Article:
Mark Mancini: The rule of law matters
Is Canada still governed by this crucial democratic concept?
By: Mark Mancini
If the situation in Ottawa over the last week is any indication, the idea that we live in a society governed by something resembling “the rule of law” isn’t quite true. Maybe we might think solving the crisis wrought by several hundred immovable trucks in the capital is just a matter of telling the police to do their jobs. Or, we might think that politicians like Ottawa Mayor Jim Watson—who just called a state of emergency yesterday—were far too scared to end the week-long gongshow. But this would only be part of the story. The more important part is this: an average Canadian could look to the situation in Ottawa and wonder whether the rule of law is a fantasy.
The rule of law is not just “law and order.” It’s an ideal. In the ideal situation, a society governed by the rule of law controls what state actors can do, subjecting them to pre-determined rules and standards. It subjects these actors to external review, say, by courts. It limits power so that state actors must point to a law for what they do. The content of those laws is, crucially, up to us.
In a phrase, the rule of law makes state actors think twice, because there might be consequences for their inaction or misfeasance. In a society like Canada where police and other state actors have vast amounts of discretion to operate, and where the history of police action is riddled with abuses, the law is sometimes the only safeguard for citizens subject to repressive power.
But for the rule of law to be valuable, it cannot just be enforced in courts and by governments. While the rule of law has a special application in restricting state power, it also provides a set of rules or guidelines for how we should live in relation to one another. These rules are contained in our Constitution and our laws, but upholding those rules requires more than just recording them on a special piece of paper. It requires a critical mass of agreement to be bound by these rules. For example, it requires people to tolerate many things they may not like to hear without lashing out in violence. It also requires something in short supply in Canada: mutual tolerance and trust between people in the exercise of rights under the law. If these conditions do not exist, a society is a “rule of law” society in name only.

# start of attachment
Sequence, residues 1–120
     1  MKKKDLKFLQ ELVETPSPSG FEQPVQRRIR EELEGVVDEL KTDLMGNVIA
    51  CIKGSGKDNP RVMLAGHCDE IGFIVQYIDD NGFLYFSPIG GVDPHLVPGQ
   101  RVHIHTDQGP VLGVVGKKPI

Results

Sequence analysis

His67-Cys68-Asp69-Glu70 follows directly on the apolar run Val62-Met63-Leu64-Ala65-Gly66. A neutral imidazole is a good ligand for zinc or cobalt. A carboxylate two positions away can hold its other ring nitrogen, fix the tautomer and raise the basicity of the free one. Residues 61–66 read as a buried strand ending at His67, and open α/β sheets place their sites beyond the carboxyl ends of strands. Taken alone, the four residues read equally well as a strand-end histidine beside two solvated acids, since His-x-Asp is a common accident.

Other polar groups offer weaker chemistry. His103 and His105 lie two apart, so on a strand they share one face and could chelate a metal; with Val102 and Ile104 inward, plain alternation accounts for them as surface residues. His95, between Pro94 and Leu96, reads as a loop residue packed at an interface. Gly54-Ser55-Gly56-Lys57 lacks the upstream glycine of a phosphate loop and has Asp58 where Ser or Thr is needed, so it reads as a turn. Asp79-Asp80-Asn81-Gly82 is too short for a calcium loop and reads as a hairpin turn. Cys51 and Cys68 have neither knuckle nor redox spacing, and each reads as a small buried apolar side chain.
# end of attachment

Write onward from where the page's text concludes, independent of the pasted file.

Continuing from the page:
Ottawa shows us what happens when the rule of law fails.
The police seem to be the first culprits here. No matter the nature of the protest at issue, it is unacceptable—and frustrating—to see police facilitating the continued protest rather than easing it after a week. People in Ottawa were subject to fireworks nearly hitting windows, constant nuisance disruptions and the like, and yet and there appeared to not be a bylaw in sight for the police to enforce. When citizens see jerry cans lining the street, when they cannot get to work on time, and when they cannot live in peace in their homes, faith in the rule of law will obviously falter. This is true no matter what motivates the actions.